Kane: Does Paying Absentee Ballot Postage Increase Turnout?




In recent months, communities across the country have begun to entertain the costly measure of including postage-paid return envelopes with voters’ absentee ballots.

This past month, the Miami-Dade County Commission passed a resolution authorizing the inclusion of postage-paid envelopes with countywide absentee ballots at a cost of $170,000, partly in response to election fraud among so called ballot brokers.

In Hillsborough County, for example, the County has authorized $150,000 for postage-paid return in the hope they will increase turnout. The conventional wisdom, of course, is that reducing the cost of voting will increase participation.

This presumption has led states to institute a number of election reforms such as permanent or no excuse absentee voting, early in-person voting and, of course, the Grand Daddy of all voting reforms –the Motor Voter Law.

Yet voting-age population turnout and empirical analysis do not support (see Studies: No Increased Turnout From Early Voting) this assumption that making voting easier and convenient increases participation and, some cases, could actually decrease it.

Research into whether postage-paid absentee ballots increase participation is sparse.

Although there are many communities in the U.S. that use both regular and/or absentee-paid envelopes for ballots, it is not possible to determine the effects from these efforts since everyone receives one. In other words, there is no “control” variable that allows for a comparison with a “treatment” variable (in this case, voters who didn’t receive the postage-paid envelopes and those who did).


Unexpected Results: No Increase In Voting


But several political scientists from Stanford, Colombia, Yale, Loyola Marymount Universities, and Menlo College used an experimental design to avoid this inherent problem.

In an article published in the Election Law Journal (“The Effect of Prepaid Postage on Turnout: A Cautionary Tale for Election Administrators,” Volume 11, Number 3, September, 2012), the researchers report the results of their experiment conducted in San Mateo County, California during the November 2, 2010 general election.

Using a treatment group of 10,000 permanent absentee voters selected at random from a list of 148,840 permanent absentee voters, they uncovered a result totally unexpected.

Briefly, the researchers sent the treatment group the same ballot as used by all other absentee voters but with a postage-paid return envelope and instructions on its use. Everyone else just received the ballot and an envelope without any postage.

When the election was over, they compared the turnout between those who received the postage-paid envelope (the treatment group) with voters who did not (the control group). The treatment group had a turnout of 75.0 percent compared to the control groups 74.8 percent, a non-statistical difference.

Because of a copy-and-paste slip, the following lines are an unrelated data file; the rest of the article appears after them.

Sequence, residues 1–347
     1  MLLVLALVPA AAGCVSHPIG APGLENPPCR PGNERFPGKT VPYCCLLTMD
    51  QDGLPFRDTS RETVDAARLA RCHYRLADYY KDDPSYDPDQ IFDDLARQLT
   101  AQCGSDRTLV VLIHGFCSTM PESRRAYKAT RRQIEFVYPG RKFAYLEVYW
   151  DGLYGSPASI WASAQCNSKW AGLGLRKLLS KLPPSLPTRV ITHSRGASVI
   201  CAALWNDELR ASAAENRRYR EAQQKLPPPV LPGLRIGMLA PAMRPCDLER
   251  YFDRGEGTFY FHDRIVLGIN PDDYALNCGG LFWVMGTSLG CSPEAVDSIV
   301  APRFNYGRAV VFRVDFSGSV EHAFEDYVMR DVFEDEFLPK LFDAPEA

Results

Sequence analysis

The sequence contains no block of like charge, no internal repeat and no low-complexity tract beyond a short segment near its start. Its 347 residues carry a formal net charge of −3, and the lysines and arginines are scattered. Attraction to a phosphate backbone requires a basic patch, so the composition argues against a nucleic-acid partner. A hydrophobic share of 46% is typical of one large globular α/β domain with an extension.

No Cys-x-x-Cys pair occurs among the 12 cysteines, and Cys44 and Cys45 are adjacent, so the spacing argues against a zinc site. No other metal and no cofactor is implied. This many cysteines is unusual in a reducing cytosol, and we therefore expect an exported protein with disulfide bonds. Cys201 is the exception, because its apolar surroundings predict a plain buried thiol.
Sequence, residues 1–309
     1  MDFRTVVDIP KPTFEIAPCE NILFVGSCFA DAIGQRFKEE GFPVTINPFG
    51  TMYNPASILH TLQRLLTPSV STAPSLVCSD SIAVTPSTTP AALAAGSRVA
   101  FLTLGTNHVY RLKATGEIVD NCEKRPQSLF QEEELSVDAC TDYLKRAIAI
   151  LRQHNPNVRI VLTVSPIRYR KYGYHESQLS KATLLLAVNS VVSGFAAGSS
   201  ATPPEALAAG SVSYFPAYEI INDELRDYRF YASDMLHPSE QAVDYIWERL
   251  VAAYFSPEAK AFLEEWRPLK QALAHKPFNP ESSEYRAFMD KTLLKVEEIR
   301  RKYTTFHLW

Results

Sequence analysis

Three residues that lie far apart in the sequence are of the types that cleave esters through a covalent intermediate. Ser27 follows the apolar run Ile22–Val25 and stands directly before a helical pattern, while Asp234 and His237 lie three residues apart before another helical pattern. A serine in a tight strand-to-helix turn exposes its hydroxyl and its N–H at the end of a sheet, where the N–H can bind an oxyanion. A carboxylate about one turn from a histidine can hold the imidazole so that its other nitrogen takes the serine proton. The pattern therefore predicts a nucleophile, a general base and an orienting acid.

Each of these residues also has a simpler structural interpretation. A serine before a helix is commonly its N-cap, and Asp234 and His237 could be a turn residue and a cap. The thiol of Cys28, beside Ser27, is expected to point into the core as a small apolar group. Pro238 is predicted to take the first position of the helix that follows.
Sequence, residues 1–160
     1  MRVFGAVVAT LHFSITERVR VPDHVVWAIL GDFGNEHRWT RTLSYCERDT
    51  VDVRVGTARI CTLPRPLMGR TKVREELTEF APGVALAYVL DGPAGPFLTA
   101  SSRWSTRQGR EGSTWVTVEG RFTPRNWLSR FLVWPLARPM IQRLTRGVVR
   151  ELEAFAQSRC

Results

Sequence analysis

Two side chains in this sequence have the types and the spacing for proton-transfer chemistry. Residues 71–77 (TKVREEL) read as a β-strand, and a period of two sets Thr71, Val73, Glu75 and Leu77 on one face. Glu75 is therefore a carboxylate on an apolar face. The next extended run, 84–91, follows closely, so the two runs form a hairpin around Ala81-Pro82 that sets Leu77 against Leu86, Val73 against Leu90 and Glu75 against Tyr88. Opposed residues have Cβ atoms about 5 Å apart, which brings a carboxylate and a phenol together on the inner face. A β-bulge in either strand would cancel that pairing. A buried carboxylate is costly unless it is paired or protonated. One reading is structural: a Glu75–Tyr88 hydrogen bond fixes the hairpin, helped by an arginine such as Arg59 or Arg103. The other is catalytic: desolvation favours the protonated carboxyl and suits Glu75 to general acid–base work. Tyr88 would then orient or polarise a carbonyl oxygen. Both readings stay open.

In other words, paying the postage did not increase voter participation.

More surprisingly, they found that the postage-paid envelopes increased the probability of voting in person and decreased the probability of voting by mail!  As it turns out, this result was most evident among voters with a longer history of absentee voting. The authors interpreted this anomaly to confusion on why the postage was included and caused them to vote in person to insure that their vote was actually counted.

For communities and states considering using taxpayer money to provide postage for absentee voters, these results should be sobering and enlightening. This study makes clear that including postage-paid envelopes does not increase turnout. And the idea that it prevents ballot fraud is dubious at best.

In Miami-Dade, for example, the inclusion of postage-paid envelopes for absentee voters is intended to prevent fraud by allowing voters to send in their ballot without the assistance of “boleteras” to deliver them, but at the cost of $170,000. A noble effort if only it would work.

The fraudsters will adapt to the new system, and likely just mail in the ballots they helped to fill out to begin with. Why not? It’s paid for.


2 Responses to “Kane: Does Paying Absentee Ballot Postage Increase Turnout?”

  1. Independent says:

    Is there a study on how many ballots were never received because of incorrect postage was placed on the envelope?

  2. christine says:

    My husband has frequently worked out of the area around election time. He always requests an absentee ballot that would be appropaite for Broward County.In a period of 10 years, 1 ballot arrived…this despite repeated phone calls, emails, etc seeking the missing ballots for every election. Oh, and the one that did? It arrived in December.